Five Ways Graduates Can Navigate Grief on the Big Day

We often envision graduation as a day of pride and balloons, and celebratory high-fives. It may be just that, and it can also be loaded with sadness and disappointment, especially for young people who are grieving the death of a family member who won’t be there. For them, it may feel like there is a giant hole that day, an ache that their person isn’t there to celebrate their win. While there is no “fixing” the feelings, there are ways to weave in some comfort by including their family member who died. Here are several of them we hope you’ll share with a grieving graduate(s) you know.

  1. Wear an item under your gown that reminds you of them. 

This could be an actual item the family member owned – a watch, a necklace, a tie, earrings – or it could be an item that reminds you of them, such as a pin with their name on it. Many of the young people we’ve spoken with like wearing a locket with their person’s picture inside it during milestone events.

  1. Add their name to your graduation cap.

You can write the family member’s name, birthday, nickname, whatever you like on a small piece of paper and tape it to the inside of your graduation cap. Some young  people write it on top of the cap in colored tape for all to see. 

Many graduates write the name of the person they’re grieving on a slip of paper, and tape it into their cap.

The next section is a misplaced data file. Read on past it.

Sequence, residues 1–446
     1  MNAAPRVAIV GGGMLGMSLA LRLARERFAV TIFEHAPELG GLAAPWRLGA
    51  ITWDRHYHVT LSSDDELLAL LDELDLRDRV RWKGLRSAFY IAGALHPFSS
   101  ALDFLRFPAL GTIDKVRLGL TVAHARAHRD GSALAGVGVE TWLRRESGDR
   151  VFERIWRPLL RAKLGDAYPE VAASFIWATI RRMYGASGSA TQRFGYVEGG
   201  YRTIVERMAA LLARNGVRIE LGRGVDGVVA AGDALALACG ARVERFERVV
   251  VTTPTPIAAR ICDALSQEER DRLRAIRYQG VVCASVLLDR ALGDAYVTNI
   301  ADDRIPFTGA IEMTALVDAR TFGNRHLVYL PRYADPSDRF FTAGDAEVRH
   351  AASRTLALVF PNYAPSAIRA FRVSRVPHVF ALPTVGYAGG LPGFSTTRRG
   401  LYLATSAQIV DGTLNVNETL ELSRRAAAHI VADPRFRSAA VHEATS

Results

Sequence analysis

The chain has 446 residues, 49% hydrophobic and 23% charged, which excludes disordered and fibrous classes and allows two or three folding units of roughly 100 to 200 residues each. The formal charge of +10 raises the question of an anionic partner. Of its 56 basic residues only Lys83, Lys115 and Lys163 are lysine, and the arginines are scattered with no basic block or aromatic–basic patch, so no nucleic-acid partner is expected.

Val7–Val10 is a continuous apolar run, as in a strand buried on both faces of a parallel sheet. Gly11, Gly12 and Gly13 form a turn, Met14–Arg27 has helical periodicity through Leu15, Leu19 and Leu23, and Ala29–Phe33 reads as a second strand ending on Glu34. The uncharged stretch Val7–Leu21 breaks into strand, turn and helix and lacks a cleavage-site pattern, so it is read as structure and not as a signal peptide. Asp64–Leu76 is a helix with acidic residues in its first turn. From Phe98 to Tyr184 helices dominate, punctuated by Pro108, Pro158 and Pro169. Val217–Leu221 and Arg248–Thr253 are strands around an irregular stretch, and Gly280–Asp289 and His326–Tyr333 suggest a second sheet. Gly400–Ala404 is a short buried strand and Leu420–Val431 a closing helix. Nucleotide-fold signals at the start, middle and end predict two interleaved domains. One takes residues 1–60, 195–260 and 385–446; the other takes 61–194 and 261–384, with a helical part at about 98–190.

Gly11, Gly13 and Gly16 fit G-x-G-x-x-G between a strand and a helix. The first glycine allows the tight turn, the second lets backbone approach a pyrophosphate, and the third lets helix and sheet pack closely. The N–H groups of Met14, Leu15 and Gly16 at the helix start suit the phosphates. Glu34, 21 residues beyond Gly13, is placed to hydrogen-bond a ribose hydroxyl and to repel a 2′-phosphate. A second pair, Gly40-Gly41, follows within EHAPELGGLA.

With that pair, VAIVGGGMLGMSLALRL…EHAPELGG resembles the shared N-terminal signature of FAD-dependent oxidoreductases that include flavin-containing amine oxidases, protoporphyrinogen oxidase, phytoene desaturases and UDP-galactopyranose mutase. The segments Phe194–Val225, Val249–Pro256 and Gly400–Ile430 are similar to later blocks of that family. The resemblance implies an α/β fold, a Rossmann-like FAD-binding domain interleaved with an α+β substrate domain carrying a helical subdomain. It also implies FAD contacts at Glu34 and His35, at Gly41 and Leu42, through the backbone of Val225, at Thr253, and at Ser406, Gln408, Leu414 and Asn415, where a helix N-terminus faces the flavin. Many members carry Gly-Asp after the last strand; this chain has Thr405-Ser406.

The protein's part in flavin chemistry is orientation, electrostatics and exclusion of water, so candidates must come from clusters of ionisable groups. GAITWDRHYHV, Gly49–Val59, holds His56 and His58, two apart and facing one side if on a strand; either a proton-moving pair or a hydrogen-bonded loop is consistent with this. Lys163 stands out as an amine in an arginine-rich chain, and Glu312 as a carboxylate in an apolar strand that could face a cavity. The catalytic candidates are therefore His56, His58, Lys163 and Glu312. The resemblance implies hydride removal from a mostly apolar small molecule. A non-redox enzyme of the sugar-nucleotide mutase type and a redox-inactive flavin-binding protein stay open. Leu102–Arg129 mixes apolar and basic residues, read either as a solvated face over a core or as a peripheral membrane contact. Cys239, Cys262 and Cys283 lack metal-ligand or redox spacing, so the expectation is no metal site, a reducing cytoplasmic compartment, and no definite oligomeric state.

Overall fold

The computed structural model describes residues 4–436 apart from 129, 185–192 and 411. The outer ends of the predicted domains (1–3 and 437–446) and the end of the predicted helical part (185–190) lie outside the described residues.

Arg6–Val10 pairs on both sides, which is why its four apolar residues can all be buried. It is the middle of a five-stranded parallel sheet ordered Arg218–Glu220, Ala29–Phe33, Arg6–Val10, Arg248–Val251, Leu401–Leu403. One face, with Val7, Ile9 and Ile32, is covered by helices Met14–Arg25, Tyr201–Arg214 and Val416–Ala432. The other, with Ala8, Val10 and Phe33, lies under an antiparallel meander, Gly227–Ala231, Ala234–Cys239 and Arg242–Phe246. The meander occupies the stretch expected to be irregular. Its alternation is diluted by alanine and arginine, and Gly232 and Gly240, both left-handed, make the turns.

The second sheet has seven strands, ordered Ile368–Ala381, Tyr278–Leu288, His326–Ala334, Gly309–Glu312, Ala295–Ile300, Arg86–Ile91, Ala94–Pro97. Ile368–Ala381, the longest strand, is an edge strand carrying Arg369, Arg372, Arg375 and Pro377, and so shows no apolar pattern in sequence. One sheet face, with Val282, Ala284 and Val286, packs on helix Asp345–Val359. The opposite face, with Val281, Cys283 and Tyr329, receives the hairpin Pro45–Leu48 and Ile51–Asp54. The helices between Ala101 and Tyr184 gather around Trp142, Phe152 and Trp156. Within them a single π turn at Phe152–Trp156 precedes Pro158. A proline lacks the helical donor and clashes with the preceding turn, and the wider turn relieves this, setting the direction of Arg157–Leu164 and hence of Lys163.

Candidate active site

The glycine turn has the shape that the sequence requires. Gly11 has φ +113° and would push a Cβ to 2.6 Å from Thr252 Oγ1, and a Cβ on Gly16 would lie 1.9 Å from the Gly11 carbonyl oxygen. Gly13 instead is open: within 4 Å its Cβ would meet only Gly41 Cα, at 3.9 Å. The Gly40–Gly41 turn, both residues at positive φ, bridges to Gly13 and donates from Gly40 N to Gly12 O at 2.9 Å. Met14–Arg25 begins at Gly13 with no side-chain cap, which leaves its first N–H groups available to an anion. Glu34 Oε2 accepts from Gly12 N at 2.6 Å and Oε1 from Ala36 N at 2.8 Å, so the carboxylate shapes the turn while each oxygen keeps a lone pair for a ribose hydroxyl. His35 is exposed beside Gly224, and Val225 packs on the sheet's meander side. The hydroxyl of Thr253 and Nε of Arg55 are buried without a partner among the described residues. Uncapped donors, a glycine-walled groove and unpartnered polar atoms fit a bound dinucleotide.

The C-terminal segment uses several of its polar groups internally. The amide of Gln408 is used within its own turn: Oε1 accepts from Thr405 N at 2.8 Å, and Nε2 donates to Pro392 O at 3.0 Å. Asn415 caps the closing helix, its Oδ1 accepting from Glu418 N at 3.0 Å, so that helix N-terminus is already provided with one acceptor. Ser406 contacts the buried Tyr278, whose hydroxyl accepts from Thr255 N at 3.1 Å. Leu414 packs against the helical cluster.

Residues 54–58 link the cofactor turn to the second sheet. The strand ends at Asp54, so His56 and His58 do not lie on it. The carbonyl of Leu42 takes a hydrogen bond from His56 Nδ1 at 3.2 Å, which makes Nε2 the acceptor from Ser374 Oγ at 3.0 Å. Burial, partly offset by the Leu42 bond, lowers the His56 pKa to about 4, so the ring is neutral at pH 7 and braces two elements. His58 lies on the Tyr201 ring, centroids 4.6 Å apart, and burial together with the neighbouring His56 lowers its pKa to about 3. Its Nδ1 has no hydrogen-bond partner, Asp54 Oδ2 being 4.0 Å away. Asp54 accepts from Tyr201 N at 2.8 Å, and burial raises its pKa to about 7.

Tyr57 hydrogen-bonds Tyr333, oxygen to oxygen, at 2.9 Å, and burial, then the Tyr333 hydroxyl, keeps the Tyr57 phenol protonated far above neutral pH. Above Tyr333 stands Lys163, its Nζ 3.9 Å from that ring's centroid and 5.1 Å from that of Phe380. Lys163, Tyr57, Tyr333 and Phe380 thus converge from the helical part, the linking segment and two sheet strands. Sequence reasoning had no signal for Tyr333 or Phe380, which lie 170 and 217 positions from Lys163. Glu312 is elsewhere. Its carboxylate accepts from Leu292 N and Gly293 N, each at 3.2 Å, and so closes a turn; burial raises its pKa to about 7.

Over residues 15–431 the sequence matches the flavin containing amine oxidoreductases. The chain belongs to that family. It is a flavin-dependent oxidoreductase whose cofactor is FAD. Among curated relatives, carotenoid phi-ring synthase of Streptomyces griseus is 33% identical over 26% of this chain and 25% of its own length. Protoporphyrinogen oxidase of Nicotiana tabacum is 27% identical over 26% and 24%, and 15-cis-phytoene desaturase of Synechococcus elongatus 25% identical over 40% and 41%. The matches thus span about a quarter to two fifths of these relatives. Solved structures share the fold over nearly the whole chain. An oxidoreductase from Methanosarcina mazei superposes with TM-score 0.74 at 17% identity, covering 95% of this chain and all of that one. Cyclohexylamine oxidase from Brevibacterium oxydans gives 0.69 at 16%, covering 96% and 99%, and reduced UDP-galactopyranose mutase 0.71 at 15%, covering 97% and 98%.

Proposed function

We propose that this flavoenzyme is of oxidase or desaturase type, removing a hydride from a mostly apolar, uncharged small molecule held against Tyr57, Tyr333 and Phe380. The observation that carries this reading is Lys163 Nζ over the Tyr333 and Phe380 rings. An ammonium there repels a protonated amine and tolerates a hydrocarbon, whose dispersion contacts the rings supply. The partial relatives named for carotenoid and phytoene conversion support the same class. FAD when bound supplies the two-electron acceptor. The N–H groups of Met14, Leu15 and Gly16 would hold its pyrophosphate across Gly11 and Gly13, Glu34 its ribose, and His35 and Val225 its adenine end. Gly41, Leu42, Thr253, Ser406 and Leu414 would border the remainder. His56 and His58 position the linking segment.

1. Bring in their favorite food. 

Maybe you start the day by eating their favorite cereal or making muffins that you used to bake together. Perhaps you serve their favorite kind of ice cream at the post-graduation festivities. Maybe you toast the end of the day with their favorite cool summer drink.

  1. Talk to your person out loud or in writing.

While your family member isn’t here physically, you can still talk to them – out loud or in a letter. You might want to share with them what you’re proud of on graduation day, how you miss them on this big milestone, what you remember most about them, and/or whatever feels right for you. You can keep the letter or not; there are no rules.

  1. Have a good cry. 

Sometimes young people feel like they’re supposed to be smiling all day on graduation because it’s “meant to be” a happy day of accomplishment. It can be that and also be sad, and it’s more than okay to cry as feelings come up. It’s not only normal but healthy to make room for all the feelings. 

There is no right way to grieve, and there is no right way to celebrate big milestones without your person there. Give yourself compassion and be kind to yourself on this day. You deserve that as much as you deserve the hugs and high fives.

Michelle Cove is the Director of Communications at Experience Camps for grieving children. She is an award-winning documentary filmmaker, journalist, and national bestselling author whose projects have been featured on numerous national platforms including “The Today Show,” The Washington Post, The Boston Globe, and The New York Times.